After researching here in Canada and talking to my grandmother in Germany and a doctor friend of hers, I decided to try St. John’s Wort. Significant research has been done on it in Germany and it’s often prescribed as an antidepressant there. It can be purchased over the counter here and in the US as an herbal supplement. Mine says that it helps to relieve nervous tension and insomnia. The only brand that has worked for me, though, is Jamieson (which is also on sale right now).
If you’re struggling with depression and feel like it’s time to start getting better, I want to emphasize talking to people first. Talk to any support group you may have – friends, family, a partner, your doctor. Should you decide to start taking any medication, even herbal supplements like St. John’s Wort, please discuss it with your doctor first. It does have some side effects, which you can read a bit about here. I haven’t experienced any negative side effects. They can be severe though, so please make sure you’re talking to someone before starting with this or any medication. If you’re on hormonal birth control, you can’t take it, as it will make your contraceptive less effective. I switched to a non-hormonal birth control, a copper IUD, about a year and a half ago, and I love it. It was a fight to get it because I’m unmarried and don’t have children, but eventually I got it and it’s been great. In my opinion, hormonal birth control is essentially unhealthy (but contraceptives are very important!).
When I started fighting my depression, I took several steps to change my lifestyle:
1. I started taking medication, as discussed above, but that’s really not enough if you’re dealing with severe depression. I don’t think that I could go without taking it, and it’s definitely the most important thing I use against being sick, but it’s not the only tool in this arsenal. I started to feel much better about two weeks in, but it’s different for everyone. Along with St. John’s Wort, I also take a B100 vitamin and flax seed oil pills.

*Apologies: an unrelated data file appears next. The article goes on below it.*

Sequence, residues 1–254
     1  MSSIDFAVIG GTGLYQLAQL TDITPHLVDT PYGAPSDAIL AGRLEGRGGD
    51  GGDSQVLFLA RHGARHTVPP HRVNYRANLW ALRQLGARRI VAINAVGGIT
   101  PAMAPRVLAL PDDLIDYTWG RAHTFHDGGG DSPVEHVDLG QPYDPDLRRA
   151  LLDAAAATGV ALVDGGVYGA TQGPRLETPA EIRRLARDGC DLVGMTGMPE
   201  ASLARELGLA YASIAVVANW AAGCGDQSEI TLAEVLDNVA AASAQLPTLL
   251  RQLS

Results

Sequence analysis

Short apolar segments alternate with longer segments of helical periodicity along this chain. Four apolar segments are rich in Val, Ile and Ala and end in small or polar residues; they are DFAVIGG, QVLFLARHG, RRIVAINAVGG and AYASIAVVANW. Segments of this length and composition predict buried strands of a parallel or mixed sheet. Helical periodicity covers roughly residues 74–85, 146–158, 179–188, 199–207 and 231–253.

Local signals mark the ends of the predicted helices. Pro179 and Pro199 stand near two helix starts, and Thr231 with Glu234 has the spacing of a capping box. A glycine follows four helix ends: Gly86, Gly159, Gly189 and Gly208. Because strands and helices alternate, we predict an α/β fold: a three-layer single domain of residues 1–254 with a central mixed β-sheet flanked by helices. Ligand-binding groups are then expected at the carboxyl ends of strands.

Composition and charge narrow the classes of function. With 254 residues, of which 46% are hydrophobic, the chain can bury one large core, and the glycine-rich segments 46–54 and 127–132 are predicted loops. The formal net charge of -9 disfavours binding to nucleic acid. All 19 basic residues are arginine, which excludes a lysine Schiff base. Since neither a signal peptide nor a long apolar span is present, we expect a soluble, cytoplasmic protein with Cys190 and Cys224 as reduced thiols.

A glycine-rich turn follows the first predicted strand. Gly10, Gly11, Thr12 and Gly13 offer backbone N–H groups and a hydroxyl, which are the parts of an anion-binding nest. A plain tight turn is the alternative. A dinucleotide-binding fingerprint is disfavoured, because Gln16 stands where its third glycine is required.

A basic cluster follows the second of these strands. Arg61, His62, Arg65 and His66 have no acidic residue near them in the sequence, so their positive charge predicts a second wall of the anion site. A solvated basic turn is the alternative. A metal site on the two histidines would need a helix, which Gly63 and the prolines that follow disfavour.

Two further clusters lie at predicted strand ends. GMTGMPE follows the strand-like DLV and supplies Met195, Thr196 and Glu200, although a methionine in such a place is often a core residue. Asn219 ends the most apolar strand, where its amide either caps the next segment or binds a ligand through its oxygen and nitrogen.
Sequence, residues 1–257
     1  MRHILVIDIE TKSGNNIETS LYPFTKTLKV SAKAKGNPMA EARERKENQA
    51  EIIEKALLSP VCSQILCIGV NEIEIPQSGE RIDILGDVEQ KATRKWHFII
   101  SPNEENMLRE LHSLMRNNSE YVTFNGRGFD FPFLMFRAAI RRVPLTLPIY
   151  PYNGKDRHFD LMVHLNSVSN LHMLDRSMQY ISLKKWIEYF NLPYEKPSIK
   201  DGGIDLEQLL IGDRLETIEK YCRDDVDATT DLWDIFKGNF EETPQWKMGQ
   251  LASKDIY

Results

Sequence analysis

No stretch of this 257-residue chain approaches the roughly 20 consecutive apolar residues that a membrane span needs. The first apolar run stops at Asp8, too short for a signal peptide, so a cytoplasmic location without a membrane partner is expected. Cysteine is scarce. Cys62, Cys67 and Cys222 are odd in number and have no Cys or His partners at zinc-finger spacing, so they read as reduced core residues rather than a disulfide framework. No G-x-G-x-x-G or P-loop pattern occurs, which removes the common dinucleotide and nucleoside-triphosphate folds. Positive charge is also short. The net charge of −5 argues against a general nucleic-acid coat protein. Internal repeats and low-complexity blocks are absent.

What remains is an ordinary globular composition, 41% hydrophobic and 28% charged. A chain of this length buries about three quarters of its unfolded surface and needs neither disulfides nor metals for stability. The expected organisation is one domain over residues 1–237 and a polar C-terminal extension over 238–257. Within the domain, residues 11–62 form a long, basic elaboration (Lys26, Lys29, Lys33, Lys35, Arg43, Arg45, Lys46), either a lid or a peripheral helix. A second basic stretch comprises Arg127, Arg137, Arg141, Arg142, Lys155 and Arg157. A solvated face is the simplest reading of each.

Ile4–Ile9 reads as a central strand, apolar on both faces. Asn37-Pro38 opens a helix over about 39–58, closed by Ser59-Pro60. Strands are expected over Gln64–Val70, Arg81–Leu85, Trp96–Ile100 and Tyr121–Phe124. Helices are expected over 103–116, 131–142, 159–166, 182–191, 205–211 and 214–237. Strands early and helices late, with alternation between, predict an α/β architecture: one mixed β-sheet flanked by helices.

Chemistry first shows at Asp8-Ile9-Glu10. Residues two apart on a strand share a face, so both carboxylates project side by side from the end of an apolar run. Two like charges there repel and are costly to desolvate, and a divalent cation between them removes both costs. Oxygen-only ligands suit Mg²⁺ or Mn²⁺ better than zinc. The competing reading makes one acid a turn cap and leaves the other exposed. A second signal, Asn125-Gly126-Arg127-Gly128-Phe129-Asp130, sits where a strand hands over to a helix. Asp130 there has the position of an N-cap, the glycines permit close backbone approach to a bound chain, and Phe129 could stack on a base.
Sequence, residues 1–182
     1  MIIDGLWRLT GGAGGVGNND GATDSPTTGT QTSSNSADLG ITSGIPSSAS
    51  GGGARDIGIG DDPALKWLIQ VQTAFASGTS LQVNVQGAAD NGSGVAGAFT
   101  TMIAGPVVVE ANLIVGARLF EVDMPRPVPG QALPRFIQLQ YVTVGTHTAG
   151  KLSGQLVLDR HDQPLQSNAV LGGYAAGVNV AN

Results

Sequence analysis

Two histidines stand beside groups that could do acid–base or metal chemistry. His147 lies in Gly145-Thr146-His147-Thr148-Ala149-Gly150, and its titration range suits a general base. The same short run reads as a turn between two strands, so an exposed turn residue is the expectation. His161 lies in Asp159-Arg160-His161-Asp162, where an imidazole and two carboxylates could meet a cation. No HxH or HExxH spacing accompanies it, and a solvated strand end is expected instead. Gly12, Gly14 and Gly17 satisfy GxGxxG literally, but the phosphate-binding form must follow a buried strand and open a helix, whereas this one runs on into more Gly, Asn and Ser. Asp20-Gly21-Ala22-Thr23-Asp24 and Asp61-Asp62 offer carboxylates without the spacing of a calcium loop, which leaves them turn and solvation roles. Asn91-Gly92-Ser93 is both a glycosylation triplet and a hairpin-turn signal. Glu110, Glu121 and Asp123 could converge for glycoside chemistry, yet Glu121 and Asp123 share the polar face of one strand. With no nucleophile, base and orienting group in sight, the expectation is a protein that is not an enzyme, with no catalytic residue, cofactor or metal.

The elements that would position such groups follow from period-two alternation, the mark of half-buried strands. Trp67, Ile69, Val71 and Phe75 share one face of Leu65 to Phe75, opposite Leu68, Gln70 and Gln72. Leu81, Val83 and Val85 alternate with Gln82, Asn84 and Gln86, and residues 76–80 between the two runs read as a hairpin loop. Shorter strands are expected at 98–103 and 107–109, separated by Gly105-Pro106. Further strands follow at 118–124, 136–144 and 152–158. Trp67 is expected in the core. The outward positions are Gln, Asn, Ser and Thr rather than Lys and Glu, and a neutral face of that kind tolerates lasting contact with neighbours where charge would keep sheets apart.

2. I also started exercising for at least half an hour every day, whereas before I had been sporadic in working out.
3. I started eating healthier food and making sure that I tried to eat enough, as I had very little appetite. This blog is kind of a result of that trying to eat better, and creating recipes that would allow me to do so. Food is integral to this process.
4. I talked to some people about what was happening. I really only told my friends after I started to feel better, but that’s important too.
5. I embraced hobbies that I hadn’t felt like I could take time for, and became involved in my community. This helped me feel a lot more fulfilled.
There’s been a lot of talk floating around the internet regarding suicide, and how people think that suicide is a selfish act. It isn’t. The only reason I didn’t kill myself was because of my family, my partner, and friends. I knew that they would be devastated. However, that starts to wear down over time. After a while, I didn’t think anyone would care if I died. The people who are calling people who commit suicide selfish are assholes, and they need to educate themselves. We really just need more education about mental illness in general.
I still sometimes feel ashamed about being a person with a mental illness. Clinical depression isn’t something that goes away. It will always be a part of my life, and even if I am happy now, I know that if I slack off I will become depressed again. I’d rather work at it for the rest of my life than not have a life. It’s sort of like being in remission, except that you can control it to some extent. I am happy. I’m doing really well. I’m in a wonderful relationship, have a handful of awesome friends, and strong support from some family members.
No one should feel bad about being mentally ill. If you’re depressed, talk to people about it. If they’re dicks about it, drop them. You don’t need them in your life. The people who are supportive are the ones you should surround yourself with. I hope that more people decide to talk and to write about mental illness, and that it can become something that’s okay to discuss. You have support. You can get better.